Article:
School Desegregation Quiz
The Supreme Court ruling that schools must desegregate with “all deliberate speed” was based on what study?
In 1961 the University of Alabama admits Autherine Lucy, its first African American student. White students riot. The National Guard is sent in to protect the students. This leads to massive race riots.
What is desegregation?
Desegregation is a term that refers to ending policies that separate people of different races into separate institutions, such as schools. School desegregation was a major goal of the civil rights movement in the United States, and it continues to be a focus of legal debates today.
In 1954, the Supreme Court struck down laws requiring segregation in public schools in Brown v. Board of Education. The ruling was the first step toward racial integration of educational systems.
In the decades following Brown, many American schools became legally desegregated through a variety of methods, including court-ordered busing. This practice sparked numerous protests, both violent and nonviolent, across the country. Other court decisions, such as Swann v. Charlotte-Mecklenburg Board of Education, approved busing as a tool for desegregation.
What is integration?
Integration is the process of ending segregation by integrating different groups or individuals into a single group. It was a key goal of the American Civil Rights Movement and continues to be an important issue in the United States today.
One important aspect of integration is desegregating schools, which was a focus of the American Civil Rights Movement. This was achieved through court rulings such as Brown v. Board of Education, as well as through busing programs.
Busing is the practice of transporting students from one district to another to achieve racial integration in schools. This was a major aspect of school desegregation after the 1954 Supreme Court decision in Brown v. Board of Education. The desegregation of schools was not an easy task. Many middle and upper class White people moved out of urban areas that were subject to forced busing, known as “white flight,” which made it difficult to meet the desegregation requirements of the courts.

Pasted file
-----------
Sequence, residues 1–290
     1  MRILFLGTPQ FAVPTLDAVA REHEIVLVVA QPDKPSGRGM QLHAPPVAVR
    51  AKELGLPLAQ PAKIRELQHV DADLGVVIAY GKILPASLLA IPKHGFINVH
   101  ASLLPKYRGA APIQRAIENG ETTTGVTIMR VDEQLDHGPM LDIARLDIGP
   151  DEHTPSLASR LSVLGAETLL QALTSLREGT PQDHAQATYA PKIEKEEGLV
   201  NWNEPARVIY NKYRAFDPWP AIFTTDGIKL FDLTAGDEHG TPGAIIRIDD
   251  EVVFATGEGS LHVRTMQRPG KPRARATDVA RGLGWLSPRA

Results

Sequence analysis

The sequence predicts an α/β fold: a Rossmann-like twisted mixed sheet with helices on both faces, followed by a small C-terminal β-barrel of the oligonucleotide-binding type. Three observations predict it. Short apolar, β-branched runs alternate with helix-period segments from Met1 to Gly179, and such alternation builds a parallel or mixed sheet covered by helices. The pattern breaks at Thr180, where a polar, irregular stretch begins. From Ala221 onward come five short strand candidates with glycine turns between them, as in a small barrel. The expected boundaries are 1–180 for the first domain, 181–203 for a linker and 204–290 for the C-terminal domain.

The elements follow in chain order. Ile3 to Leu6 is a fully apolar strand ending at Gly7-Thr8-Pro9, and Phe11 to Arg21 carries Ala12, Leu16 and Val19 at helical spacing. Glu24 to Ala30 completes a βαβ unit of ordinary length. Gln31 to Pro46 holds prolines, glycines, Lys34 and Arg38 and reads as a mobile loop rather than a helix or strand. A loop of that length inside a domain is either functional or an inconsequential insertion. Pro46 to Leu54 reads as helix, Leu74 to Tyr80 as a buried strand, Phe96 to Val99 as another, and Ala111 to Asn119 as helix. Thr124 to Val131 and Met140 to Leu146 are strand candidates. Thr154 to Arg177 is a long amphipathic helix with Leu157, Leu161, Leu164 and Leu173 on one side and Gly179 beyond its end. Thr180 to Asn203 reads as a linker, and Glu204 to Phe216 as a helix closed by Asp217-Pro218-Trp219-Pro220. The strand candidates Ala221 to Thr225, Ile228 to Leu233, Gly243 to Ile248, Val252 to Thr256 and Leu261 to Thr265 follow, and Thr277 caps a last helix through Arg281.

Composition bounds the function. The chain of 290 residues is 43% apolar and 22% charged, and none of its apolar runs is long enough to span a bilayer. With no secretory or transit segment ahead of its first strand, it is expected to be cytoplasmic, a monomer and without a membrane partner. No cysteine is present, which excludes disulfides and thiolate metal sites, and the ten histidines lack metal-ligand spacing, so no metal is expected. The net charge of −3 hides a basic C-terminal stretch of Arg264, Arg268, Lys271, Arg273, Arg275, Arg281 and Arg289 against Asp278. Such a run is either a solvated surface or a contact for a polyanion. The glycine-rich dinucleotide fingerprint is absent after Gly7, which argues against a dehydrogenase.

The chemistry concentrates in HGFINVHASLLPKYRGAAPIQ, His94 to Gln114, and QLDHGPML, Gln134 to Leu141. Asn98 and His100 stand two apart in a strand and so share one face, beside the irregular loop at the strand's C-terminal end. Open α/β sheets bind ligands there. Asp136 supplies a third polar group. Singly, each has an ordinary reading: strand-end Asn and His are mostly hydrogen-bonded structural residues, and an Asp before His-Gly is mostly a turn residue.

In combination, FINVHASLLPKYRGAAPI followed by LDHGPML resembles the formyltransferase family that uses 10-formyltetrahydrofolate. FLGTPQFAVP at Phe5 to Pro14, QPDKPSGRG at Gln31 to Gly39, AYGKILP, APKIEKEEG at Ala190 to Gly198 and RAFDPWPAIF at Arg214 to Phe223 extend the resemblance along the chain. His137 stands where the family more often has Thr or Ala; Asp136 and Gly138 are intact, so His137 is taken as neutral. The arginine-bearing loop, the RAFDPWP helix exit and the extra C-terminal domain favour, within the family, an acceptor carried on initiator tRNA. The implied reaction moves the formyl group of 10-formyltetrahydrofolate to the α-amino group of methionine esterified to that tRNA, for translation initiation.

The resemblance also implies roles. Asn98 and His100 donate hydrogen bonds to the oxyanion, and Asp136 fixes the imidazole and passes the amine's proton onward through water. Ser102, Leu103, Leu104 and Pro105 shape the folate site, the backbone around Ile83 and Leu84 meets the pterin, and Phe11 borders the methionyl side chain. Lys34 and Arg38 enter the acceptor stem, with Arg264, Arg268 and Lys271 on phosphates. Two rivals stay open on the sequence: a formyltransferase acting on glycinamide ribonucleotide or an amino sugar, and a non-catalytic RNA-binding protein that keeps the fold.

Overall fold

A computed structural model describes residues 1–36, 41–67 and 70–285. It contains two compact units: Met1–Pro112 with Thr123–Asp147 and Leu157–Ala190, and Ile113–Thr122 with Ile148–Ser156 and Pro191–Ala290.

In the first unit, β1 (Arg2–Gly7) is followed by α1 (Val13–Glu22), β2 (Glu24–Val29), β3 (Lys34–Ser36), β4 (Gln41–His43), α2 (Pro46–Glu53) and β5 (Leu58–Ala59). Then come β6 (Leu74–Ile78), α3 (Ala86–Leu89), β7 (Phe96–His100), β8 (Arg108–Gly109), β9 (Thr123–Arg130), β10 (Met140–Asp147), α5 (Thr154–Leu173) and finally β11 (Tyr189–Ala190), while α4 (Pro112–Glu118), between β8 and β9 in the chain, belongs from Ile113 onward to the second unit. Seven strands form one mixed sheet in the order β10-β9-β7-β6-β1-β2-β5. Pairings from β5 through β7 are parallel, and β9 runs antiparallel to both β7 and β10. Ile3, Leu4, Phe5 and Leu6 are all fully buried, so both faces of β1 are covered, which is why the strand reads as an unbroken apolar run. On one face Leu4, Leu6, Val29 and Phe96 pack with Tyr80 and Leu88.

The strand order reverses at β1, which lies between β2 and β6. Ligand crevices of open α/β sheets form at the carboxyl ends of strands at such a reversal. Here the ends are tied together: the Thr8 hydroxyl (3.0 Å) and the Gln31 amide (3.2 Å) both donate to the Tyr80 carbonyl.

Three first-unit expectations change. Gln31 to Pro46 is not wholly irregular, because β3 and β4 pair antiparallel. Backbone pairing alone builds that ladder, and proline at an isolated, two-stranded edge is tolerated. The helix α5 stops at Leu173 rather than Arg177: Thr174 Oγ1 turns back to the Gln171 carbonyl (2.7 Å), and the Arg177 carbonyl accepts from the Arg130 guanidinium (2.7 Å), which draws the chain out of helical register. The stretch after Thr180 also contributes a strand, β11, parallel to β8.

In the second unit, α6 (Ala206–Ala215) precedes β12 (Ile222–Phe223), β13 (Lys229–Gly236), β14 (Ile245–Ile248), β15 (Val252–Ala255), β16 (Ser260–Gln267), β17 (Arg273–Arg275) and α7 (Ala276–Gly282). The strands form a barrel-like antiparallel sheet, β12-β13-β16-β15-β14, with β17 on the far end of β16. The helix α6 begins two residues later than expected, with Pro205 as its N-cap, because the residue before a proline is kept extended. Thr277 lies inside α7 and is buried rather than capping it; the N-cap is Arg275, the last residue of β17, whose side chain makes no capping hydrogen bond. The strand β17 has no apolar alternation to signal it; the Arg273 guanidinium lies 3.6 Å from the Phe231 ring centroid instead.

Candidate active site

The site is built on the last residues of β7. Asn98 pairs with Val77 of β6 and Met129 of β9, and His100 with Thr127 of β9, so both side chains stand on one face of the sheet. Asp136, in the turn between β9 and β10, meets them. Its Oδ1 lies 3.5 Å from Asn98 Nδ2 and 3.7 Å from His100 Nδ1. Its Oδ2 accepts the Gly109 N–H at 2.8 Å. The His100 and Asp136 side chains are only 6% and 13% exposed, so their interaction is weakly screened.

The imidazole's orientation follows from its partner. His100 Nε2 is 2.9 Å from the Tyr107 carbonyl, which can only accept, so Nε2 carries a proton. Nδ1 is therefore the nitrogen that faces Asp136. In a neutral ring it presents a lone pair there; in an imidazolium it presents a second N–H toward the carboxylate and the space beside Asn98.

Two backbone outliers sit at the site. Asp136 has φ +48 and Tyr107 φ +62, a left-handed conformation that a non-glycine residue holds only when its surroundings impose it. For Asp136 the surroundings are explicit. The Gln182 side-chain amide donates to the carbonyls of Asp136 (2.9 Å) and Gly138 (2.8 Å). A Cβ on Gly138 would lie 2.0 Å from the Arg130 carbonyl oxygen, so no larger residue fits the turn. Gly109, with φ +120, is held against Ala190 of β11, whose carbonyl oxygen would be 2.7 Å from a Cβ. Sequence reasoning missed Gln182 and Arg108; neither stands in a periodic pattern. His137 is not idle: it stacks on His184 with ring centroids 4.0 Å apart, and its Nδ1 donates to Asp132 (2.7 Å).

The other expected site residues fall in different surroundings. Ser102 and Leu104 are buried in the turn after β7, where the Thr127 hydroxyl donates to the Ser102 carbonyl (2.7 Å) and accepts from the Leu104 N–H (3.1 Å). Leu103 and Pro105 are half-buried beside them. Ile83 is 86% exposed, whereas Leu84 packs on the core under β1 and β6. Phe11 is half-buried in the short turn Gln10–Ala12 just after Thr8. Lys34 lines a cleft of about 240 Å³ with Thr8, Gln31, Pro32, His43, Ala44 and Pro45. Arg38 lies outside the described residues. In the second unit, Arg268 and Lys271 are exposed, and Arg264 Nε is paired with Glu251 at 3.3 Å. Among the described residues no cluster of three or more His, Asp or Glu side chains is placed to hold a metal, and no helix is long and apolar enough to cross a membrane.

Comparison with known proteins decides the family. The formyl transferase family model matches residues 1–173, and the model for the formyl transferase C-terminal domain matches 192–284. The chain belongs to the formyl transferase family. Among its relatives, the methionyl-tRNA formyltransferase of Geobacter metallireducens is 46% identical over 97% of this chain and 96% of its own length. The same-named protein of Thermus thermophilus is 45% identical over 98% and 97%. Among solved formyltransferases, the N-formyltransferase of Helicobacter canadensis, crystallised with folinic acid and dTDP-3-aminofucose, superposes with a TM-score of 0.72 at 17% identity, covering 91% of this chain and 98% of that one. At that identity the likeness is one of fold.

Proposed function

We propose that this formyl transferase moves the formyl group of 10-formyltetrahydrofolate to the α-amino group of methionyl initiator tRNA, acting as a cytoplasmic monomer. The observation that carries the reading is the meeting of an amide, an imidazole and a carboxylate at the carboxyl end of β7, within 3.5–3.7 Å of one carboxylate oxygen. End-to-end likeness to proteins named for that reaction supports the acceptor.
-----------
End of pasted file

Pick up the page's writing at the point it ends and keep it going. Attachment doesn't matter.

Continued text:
What is de jure segregation?
De jure segregation is legally imposed segregation, such as Jim Crow laws in the South or housing covenants in Seattle. It differs from de facto segregation, which is the result of private prejudice rather than official policy.
Rothstein argues that the Supreme Court misunderstood how neighborhoods became segregated by using the term “de facto.” He uses documents on southern segregation, housing covenants, and protests in Seattle to show that government policies were central to the process.
The dissenting justices in the Louisville-Seattle case misunderstood this point as well, arguing that residential segregation was mostly the result of private choices and didn’t require a federal remedy. This line of thinking has hampered efforts to desegregate schools. It also misunderstands the true causes of segregation and how it persists to this day.
What is de facto segregation?
De facto segregation is separation that happens because of fact or circumstance rather than legally imposed requirements. It can be seen in housing and public education.
For example, the concentration of Blacks in certain neighborhoods often results in neighborhood schools that are mostly black – they’re segregated in practice (de facto) but not by law (de jure). This is why school choice programs are being used to try to desegregate our communities.
But residential segregation is not a mere accident; twentieth century federal, state and local policies explicitly enforced racial segregation in metropolitan areas, and their effects continue to this day. For instance, banks systematically “redlined” mortgage loans, refusing to give them to black homeowners in white neighborhoods, thus contributing to the ghettos’ deterioration.
What is the role of the federal government?
For a brief period after the Brown decision, all three branches of the federal government worked cooperatively to bring about school desegregation. Two provisions of the Civil Rights Act of 1964 provided a jump-start to the process: the court could sue schools that were not complying with Brown, and federal funding would not be automatically available to segregated institutions.
However, the Supreme Court never established how quickly and in what way school desegregation should happen, beyond saying that it must be carried out with “all deliberate speed.” Further, a series of lower court rulings began to limit the extent to which integration should occur. These included Milliken v. Bradley, which limited interdistrict remedies, and Freeman v. Pitts, which allowed schools to be released from court order even if they were not fully desegregated.